Digital Sport Summit: No Such Thing as Future-Proofing When It Comes to Mobile
As sports-video rightsholders enter the new mobile frontier, several major roadblocks remain, namely deciding which mobile devices to invest their often limited resources in. At the fourth-annual Digital Sports Summit last week in New York, a panel of mobile experts debated the eminent and long-term future of sports video on the go and agreed that the only certainty at this point seems to be uncertainty.
“In this landscape, you have to place a lot of bets across a lot of different platforms and hope for the most value,” said Adam Ritter, VP of wireless, MLB Advanced Media. “If you look at our current mobile products, we’re supporting as many platforms as possible. But you have to be smart and look at the different platforms out there and their distribution [models] and decide what is best for you.
No Consistent Development Model
Digital-content owners and distributors are always looking for future-proof strategies that will allow them to invest now and avoid paying later. However, as a growing number of mobile devices proliferate the market, content owners are finding it difficult to create a consistent development model.
“Traditional [thinking] says to build a production system and continue to leverage it until you get really efficient,” said Michael Adamson, VP of new products and services, Turner Sports. “But, in the mobile space right now, efficiency is not in our vocabulary. It can’t be; it’s just not there yet. It’s too immature, it’s too fluid, it’s too fragmented.
There may be no way to future-proof the constantly changing mobile landscape, but a solid development infrastructure can serve as a base for future products and make that much easier.
“Every time we try one of these platforms, it teaches us how to better create the raw materials so that, when the next thing comes along, we’re more ready for it, said Adamson. “We can jump on those things faster and figure out which ones are going to work for us. It’s not about whether or not we invest in these platforms; it’s about how they can teach us to build better infrastructure for the future.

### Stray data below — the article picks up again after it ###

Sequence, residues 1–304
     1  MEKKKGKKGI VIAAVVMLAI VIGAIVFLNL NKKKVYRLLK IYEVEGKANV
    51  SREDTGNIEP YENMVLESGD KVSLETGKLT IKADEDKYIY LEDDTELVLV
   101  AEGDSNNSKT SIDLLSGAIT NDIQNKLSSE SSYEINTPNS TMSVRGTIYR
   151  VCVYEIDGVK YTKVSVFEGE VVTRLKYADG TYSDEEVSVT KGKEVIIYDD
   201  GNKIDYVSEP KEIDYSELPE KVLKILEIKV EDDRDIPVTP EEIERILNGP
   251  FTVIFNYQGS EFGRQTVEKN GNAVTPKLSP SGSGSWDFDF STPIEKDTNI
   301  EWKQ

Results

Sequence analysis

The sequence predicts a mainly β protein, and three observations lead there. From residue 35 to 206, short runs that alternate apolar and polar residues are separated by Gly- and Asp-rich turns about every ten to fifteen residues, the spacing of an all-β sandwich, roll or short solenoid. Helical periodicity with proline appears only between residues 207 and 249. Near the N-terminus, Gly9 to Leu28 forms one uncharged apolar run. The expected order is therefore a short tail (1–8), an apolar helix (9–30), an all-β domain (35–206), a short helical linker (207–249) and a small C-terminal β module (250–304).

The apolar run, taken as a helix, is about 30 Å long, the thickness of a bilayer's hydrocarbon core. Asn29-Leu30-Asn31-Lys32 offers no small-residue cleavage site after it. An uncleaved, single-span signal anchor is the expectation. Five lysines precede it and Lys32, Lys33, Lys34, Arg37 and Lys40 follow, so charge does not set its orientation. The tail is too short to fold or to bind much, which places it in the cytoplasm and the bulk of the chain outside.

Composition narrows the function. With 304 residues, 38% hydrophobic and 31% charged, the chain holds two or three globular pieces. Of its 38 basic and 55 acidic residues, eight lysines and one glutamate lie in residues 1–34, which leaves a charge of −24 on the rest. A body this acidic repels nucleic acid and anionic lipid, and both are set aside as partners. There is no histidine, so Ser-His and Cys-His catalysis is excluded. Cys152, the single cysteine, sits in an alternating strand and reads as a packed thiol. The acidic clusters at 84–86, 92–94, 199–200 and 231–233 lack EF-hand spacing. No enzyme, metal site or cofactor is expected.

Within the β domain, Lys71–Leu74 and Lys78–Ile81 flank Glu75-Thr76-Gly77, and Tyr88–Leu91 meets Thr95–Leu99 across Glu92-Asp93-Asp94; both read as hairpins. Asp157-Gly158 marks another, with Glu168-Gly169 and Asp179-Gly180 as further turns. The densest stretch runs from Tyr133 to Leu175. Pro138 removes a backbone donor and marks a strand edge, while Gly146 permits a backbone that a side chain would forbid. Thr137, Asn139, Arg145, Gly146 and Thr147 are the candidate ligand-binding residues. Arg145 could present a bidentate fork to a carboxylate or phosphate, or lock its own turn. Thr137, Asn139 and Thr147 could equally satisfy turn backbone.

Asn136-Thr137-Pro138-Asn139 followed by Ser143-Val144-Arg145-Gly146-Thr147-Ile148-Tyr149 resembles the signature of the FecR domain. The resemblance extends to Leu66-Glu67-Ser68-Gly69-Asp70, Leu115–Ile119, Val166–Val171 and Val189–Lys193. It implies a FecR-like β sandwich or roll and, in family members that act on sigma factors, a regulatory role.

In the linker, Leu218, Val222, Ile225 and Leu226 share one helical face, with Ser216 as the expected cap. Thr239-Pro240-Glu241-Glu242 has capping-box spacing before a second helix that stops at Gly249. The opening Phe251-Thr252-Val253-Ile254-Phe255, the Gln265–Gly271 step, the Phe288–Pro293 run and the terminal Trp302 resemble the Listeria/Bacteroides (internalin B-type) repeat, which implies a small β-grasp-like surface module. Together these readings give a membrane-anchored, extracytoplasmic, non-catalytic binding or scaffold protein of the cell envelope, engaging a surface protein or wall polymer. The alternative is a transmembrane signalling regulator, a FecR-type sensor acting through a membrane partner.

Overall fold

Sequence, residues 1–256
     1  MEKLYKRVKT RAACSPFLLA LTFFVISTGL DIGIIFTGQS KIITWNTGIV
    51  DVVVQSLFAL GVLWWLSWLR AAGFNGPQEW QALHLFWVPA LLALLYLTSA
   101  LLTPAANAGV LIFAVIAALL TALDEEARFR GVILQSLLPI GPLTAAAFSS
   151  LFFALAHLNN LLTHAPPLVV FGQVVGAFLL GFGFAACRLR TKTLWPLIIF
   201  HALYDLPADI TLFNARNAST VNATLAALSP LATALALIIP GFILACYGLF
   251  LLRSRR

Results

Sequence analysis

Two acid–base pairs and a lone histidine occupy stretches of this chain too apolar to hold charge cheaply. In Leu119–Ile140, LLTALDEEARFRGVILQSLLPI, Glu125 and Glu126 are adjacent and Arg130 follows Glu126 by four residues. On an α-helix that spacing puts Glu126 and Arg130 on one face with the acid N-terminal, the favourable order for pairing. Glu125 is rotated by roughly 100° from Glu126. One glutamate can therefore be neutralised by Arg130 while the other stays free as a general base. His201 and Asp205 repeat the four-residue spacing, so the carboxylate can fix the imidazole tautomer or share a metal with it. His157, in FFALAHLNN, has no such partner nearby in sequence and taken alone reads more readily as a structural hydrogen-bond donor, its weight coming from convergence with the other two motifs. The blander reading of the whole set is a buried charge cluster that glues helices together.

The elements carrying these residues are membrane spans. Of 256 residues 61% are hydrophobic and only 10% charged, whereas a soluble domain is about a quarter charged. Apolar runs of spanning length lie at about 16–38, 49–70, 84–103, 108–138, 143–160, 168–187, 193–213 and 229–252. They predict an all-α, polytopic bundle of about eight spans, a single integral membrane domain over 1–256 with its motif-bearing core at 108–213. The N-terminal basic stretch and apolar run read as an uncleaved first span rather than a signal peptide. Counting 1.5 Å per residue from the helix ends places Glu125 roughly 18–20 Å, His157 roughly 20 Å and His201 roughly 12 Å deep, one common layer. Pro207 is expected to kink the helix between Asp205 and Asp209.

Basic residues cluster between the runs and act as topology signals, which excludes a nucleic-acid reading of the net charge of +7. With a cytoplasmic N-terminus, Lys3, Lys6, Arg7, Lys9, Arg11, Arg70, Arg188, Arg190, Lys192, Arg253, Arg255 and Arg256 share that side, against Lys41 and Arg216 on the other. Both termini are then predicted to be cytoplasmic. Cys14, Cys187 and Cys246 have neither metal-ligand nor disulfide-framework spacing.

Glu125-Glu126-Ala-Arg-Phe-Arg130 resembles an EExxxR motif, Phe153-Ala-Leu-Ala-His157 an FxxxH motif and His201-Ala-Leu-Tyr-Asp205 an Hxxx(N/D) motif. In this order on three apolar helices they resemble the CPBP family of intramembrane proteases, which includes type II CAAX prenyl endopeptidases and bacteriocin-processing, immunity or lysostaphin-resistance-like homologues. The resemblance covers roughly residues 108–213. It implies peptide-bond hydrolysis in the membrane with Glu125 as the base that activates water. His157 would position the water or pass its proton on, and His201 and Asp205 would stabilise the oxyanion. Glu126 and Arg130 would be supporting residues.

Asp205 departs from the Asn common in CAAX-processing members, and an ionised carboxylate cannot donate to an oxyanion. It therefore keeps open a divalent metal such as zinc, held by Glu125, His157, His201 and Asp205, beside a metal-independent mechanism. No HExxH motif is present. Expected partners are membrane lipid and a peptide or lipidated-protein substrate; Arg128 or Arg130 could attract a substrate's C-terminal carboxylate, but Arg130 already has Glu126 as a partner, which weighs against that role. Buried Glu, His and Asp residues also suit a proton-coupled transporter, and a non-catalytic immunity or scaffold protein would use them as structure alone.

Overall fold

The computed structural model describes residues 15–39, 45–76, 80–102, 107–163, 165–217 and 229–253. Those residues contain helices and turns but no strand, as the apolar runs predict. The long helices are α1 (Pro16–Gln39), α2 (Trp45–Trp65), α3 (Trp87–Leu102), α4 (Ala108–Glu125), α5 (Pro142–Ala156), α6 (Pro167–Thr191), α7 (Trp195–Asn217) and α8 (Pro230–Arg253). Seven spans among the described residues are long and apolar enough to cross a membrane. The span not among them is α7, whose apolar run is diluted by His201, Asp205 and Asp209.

Free Video Just Tastes Better
Consumers want video on the go. That much is known. The bigger question is whether they are willing to pay for it.
In 2009, Turner Sports offered a low-price PGA Championship iPhone app (Turner manages the PGA’s digital portfolio) that bundled the leaderboard, stats, and live video all in one. The app became the first Turner golf app ever to garner more video traffic than leaderboard traffic. In the past, consumers had simply used their iPhone as a tool to check standings and scores, but this became an early example of mobile video overtaking “mobile snacking.”
This year, Turner decided to test the waters by making the PGA Championship iPhone app available for free with an option to pay for the live-video upgrade. Not surprisingly, leaderboard traffic skyrocketed, and live-video viewing plummeted. This creates an awkward dynamic for content owners looking to capitalize on mobile rights.
“People value video, but they won’t necessarily value it over access to free instant content,” said Adamson. “Only some sports fans consume live video [via mobile], but almost everybody checks scores and headlines on their devices. So this is a very interesting challenge for us. We know, from a value standpoint, people are willing to pay for video when it’s bundled but perhaps not when it is independent [of the rest of the content].”
FLO TV Looks To Capitalize
The escalating strain on cellular networks from data usage will play a key role in the development of mobile video. As carriers like AT&T and Verizon struggle to keep up with rising data usage, mobile-television carriers like FLO TV could be poised to reap the rewards.
“We’re encouraged by the latest data trends as data consumption is a huge wear and tear on the networks,” said FLO TV Marketing VP Randy Satterburg. “That’s why, strategically, we’ve placed a bet on being at the forefront of that data curve and having a dedicated mobile network that can evolve beyond just mobile TV. We can use the network to offload a lot of that data usage from 3G and 4G networks to really accommodate the consumer demand.”